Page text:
After reaching the mountain top with their album of punk-power pop par excellence "Parallel Lines" there really was only one way [or another- sorry couldn''t resist that] for Blondie, but with hindsight whatever route they chose the direction was always going to be down....See more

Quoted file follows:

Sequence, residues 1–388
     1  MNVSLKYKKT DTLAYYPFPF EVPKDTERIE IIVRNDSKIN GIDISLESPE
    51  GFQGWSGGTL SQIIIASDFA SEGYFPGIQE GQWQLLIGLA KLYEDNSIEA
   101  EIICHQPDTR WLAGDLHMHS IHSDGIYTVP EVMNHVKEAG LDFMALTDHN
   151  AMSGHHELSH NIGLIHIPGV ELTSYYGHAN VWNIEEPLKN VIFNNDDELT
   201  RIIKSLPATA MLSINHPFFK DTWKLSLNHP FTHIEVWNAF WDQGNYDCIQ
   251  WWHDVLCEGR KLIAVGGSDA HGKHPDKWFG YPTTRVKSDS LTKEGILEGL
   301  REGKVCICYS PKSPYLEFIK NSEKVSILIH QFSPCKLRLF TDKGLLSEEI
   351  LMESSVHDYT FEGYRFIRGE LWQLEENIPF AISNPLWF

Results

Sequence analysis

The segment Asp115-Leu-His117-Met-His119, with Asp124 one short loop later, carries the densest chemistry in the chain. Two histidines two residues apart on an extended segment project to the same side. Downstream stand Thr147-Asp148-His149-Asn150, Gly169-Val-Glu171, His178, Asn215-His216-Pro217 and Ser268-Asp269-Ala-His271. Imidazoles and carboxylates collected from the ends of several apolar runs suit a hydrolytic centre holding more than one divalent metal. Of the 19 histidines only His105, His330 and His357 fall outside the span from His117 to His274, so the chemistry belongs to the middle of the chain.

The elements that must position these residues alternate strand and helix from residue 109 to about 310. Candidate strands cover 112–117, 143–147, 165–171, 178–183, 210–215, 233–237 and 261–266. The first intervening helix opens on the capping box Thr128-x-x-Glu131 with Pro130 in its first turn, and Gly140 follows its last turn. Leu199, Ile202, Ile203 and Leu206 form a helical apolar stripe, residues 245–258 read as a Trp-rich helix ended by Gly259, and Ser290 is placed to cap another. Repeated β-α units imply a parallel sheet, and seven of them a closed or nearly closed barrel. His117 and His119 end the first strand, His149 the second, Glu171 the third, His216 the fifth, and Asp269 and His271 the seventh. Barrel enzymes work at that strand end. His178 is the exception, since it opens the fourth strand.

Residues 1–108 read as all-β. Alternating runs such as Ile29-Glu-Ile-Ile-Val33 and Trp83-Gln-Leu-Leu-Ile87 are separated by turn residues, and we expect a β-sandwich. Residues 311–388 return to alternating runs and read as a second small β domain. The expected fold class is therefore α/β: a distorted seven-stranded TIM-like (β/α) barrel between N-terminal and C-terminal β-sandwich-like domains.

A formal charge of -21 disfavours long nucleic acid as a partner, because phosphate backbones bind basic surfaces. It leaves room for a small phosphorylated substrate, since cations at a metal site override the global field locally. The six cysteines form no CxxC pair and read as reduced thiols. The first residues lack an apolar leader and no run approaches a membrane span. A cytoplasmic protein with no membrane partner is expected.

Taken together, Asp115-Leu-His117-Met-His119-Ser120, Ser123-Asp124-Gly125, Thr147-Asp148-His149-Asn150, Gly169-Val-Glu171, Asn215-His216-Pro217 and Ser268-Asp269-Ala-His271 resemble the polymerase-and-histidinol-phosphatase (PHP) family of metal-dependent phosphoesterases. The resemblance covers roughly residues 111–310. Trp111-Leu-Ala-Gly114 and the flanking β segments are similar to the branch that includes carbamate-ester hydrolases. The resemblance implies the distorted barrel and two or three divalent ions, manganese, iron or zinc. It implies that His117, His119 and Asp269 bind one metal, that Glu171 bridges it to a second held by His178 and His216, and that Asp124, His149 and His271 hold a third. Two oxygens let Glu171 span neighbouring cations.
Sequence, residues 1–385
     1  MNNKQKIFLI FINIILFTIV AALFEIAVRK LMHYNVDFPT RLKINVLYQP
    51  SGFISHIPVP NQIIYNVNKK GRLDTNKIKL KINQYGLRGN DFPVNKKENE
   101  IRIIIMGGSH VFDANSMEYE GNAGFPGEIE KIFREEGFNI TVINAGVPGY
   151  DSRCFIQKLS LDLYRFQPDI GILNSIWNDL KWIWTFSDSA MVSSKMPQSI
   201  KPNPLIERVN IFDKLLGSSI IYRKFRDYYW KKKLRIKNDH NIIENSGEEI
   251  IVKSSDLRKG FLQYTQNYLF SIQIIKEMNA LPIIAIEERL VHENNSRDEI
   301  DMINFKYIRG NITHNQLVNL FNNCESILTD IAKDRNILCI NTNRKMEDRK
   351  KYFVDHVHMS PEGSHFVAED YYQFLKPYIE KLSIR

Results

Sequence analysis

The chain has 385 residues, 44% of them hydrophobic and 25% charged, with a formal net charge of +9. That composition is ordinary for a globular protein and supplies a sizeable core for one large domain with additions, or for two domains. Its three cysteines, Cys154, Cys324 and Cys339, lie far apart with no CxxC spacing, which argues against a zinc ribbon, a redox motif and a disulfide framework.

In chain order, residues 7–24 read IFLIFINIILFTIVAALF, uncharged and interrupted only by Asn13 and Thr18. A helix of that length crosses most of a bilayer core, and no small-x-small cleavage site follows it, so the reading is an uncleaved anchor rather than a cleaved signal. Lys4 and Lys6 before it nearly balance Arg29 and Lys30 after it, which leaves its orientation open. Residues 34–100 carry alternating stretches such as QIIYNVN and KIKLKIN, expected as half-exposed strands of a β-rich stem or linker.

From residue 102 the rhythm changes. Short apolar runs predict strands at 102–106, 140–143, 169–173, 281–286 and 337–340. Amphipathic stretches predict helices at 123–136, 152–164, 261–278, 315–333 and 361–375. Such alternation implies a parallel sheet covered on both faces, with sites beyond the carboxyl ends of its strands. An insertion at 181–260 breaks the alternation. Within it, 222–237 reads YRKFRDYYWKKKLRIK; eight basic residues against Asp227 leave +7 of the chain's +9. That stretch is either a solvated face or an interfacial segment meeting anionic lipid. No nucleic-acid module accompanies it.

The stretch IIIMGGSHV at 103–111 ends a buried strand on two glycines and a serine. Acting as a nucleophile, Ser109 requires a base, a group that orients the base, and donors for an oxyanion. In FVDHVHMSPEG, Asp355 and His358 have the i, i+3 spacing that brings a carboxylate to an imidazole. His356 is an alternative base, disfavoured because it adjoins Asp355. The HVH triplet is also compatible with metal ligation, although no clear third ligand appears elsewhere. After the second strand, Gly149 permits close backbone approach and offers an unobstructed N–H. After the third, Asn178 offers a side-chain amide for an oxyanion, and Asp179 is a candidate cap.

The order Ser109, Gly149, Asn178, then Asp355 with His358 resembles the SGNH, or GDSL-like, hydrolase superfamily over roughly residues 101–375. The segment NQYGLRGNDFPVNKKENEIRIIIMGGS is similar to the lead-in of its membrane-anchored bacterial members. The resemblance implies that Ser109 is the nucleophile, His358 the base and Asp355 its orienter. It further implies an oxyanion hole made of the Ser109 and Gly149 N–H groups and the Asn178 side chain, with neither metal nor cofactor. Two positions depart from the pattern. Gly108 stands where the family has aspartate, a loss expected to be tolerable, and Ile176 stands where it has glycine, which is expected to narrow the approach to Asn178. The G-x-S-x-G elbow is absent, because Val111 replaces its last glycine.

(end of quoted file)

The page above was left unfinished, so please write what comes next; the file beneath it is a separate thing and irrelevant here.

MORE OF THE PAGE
After reaching the mountain top with their album of punk-power pop par excellence "Parallel Lines" there really was only one way [or another- sorry couldn''t resist that] for Blondie, but with hindsight whatever route they chose the direction was always going to be down. Like many people I bought "Eat To The Beat" when it was originally released only to be disappointed expecting better from Debbie Harry, then at the top of her game, and the now six piece Blondie. So today I am listening afresh to "Eat To The Beat", but this time it''s the cut-price 2001 CD reissue. It''s not that "Eat To The Beat" is a bad album, after all it does contain a three of Blondie''s very best songs in "Dreaming", "Union City Blue" and "Atomic", but it''s still disappointing: the quality control is missing and with its variety of styles: pop, punk, reggae, funk and a truly ghastly lullaby it lacks end-to-end cohesion and consistency, not a charge you could level at its predecessor. But "Eat To The Beat" gets off to a flying start with a trio of singles. Opening with the superb "Dreaming " a UK number two, followed by the hard rocking US single "The Hardest Part" and then possibly my all-time favourite Blondie song, the UK single "Union City Blue". What a start, what trio of songs, and I often used to stop there because, with the exception of "Atomic", the rest of the album fails to reach these heights. "Shayla", the fourth track is a ballad, ok, but the instrumentation has touches of prog and for much of the song it just doesn''t sound like Blondie. The title track "Eat To The Beat" has a punky drive that sets my toes tapping and some wonderful harmonica, it''s good but sounds a bit raw in this company [would have worked well on the eponymous debut or "Plastic Letters" but not here]; "Accidents Never Happen" is a bit too close to being Blondie by numbers and would be a throwaway if it wasn''t for the extended outro that closed the original first side. Side two was never as good as side one. Opening with "Die Young Stay Pretty", an awful piece of rap, yes I know this was 1979 and everyone was climbing on the rap appropriation band-wagon, but this must have been the worst of the lot! And it''s followed by the sham early 60s girl group sound of "Slow Motion" which doesn''t do anything for me. But then things get better, a whole lot of better with "Atomic", and quite frankly it''s the only reason I ever had for playing side two. This is the album version not the single version, it opens with the extended intro that builds on the three blind mice theme, and has an extended down and dirty funky middle eight; I have never understood why I love this song with its rock meets disco sound, on paper it should be everything I hate, but it isn''t, its a masterpiece of song-writing and a guilty pleasure. The less said about the lullaby "Sound-A-Sleep" the better [and that''s way far more than it deserves]; I still don''t get the curious mash-up of ideas that is "Victor", I can''t imagine that anyone actually thought this worked when they recorded it, maybe they just thought it would be kind to give Frank Infante a writing credit; and closer "Living In The Real World" is a an up-tempo punky thrash, given the weird mix of styles on the second side I assume they thought why not throw this in as well while they were about it? It''s Ok but never gave me a reason for playing the whole of side two So it''s very good in a few places, ok''ish in some, but really very bad in the others, it''s no "Parallel Lines" and that''s why this is still only a three star album for me. But my release then has four bonus track. I don''t normally review bonus tracks but on this rare occasion they actually add value. The first of these is a live recording of "Die Young Stay Pretty" which is far better than the album''s studio recording and I have to take some of my earlier comments back, but why didn''t they record it like this in the first place? Next up is a cover of the Four Tops'' "Seven Rooms of Gloom" and it''s another thumbs up; then there''s a sublime close-but-not-too-close cover of Bowie''s "Heroes"; and finally there''s a cover of Johnny Cash''s "Ring Of Fire", ok so perhaps not all the bonus tracks are a bonus but three out of four ain''t bad! But it''s these bonus tracks that rescue this package, and that''s fundamentally wrong in my mind, but it''s makes this album worth a cut-price punt. But, and as I''ve said before, if you''re only going to buy one Blondie album buy "Parallel Lines".